By OMONIYI SALAUDEEN
THE renewed militancy in the oil rich region in the guise of Niger Delta Avengers and its relentless bombing of oil installations in the face of the current global economic downturn is one major issue now on the front burner of national discourse. While the Federal Government has realised the need to change its tactics by opting for dialogue rather than direct military confrontation with the militants, some opinion leaders are not yet convinced that the proposed negotiation would finally put an end to the incessant agitations. Renowned constitutional lawyer and Chairman, Presidential Advisory Committee against Corruption, Prof Itse Sagay, in this interview, warns the Federal Government not to succumb to the unreasonable demands of the militants in the bid to achieve stability in the oil rich region.
How would you react to the latest demands by the Niger Delta Avengers before going into negotiation table with the Federal Government?
What are their demands?
They are demanding, among other things, an immediate suspension of lifting of crude oil by the Federal Government as well as involvement of member states of the multinational oil companies operating in the region in the proposed dialogue?
You can see that both of them are unreasonable. When you want to negotiate, you put out reasonable things one can comply with. How can they say that Federal Government should stop lifting of oil when the mainstay of the economy is petroleum? If they feel that Niger Delta region is not getting enough of proceed from their own commodity, they can say what should be the case. They can go by what had existed before in the 1960, 1963 constitution. But to so say that Federal Government should have no hand in oil activities is absolutely unreasonable and it means they are not serious. Again, what do they want foreign governments to come and do when the oil companies themselves are here? You can bring up an impossible condition so that nobody will accept it just because you do not want to negotiate. I think that is what is happening.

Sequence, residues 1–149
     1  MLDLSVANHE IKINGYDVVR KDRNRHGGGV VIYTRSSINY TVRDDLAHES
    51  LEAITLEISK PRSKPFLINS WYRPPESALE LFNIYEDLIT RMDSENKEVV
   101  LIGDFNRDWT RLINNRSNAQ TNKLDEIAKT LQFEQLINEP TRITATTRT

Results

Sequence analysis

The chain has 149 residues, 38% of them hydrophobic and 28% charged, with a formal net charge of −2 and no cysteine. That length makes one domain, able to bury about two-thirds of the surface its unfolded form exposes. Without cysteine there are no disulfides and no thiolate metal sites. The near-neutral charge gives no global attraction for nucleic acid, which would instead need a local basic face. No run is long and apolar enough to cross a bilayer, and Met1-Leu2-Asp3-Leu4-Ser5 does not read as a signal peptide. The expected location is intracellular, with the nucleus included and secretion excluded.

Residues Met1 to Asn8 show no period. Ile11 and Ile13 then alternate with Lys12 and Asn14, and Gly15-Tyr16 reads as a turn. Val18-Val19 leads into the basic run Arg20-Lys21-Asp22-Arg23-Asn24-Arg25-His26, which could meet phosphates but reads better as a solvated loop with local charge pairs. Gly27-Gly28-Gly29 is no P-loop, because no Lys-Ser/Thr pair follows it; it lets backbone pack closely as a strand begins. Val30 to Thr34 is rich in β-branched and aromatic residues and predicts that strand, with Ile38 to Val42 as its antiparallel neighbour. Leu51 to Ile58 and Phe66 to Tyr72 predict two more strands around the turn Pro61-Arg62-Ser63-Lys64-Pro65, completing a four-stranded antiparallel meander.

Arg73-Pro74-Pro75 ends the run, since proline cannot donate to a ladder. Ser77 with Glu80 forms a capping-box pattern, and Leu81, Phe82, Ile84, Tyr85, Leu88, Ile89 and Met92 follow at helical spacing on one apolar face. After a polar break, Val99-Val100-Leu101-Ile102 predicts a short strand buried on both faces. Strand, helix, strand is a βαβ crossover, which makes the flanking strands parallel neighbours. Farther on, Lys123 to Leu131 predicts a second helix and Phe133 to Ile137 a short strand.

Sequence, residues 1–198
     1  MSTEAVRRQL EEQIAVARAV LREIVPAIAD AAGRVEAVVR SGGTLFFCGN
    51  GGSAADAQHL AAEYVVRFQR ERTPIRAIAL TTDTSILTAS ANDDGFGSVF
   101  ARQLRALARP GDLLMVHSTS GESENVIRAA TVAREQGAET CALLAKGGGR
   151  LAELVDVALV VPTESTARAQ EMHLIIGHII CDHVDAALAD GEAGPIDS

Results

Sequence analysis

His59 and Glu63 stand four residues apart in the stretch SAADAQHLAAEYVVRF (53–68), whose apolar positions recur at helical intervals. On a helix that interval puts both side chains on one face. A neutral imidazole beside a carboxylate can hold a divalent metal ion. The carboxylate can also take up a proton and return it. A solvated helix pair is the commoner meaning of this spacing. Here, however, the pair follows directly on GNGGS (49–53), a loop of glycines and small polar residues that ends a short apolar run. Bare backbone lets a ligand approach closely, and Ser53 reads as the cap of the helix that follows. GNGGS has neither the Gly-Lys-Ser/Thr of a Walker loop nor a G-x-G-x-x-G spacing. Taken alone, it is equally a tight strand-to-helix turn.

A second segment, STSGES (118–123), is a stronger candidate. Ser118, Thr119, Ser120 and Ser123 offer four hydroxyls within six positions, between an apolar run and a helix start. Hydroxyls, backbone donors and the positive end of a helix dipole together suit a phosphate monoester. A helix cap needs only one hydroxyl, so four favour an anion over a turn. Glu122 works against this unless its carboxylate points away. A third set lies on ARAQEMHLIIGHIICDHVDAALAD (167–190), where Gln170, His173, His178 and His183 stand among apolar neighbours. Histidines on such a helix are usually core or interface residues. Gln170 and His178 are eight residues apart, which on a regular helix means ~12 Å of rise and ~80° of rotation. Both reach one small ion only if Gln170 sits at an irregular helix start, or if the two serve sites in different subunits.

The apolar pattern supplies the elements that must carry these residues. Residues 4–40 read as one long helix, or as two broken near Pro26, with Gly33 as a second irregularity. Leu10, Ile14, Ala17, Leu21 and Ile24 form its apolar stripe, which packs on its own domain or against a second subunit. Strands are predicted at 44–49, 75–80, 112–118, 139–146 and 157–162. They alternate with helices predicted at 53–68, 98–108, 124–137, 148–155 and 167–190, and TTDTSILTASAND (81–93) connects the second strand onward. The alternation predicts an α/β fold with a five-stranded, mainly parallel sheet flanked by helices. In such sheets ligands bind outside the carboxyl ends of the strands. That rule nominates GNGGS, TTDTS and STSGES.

Inconsistent with these conditions, they had earlier on demanded for the implementation of the recommendations of the last confab and also 60 percent control of resources in the region. In another breadth, they also demanded for the sovereign state of Niger Delta.
I think they are confused. And until they themselves can sit down and come out with rational proposals, I don’t think there is anything anyone can negotiate with them. Two, we have to be very careful; I mean the Federal Government, about who to negotiate with. We don’t want a situation where you negotiate with conditions that will end up putting huge sum of money in the private pockets of militants who will then go and enjoy a good life like Tompolo who accumulated billions of dollars and became a little god running his own private army and living the life of a king of an independent country. We don’t want that situation. Whatever Federal Government does must be done in such a way that the outcome will benefit everybody in the region and will lead to actual development not just money being handed over to a few militants who will just blow it and spend it for themselves, while the situation remains the same, leading to another group of militants coming up again to make selfish demands for their own pockets rather than for the region.
What is the position of the international law on their request for the involvement of other countries in the proposed negotiation vis-a-viz the sovereignty of Nigeria as a nation?
It doesn’t affect our sovereignty as such. We can talk to countries whose companies have interests in Nigeria, but usually it is not in such circumstance. Such talk usually occurs when there is a problem, for example, you nationalize the property of the companies. In such circumstance, their states could step in to protect them. But to say the countries should be involved in the negotiation, to my knowledge, is unprecedented.
But would you suggest that the Federal Government should negotiate with them, if they are genuinely sincere?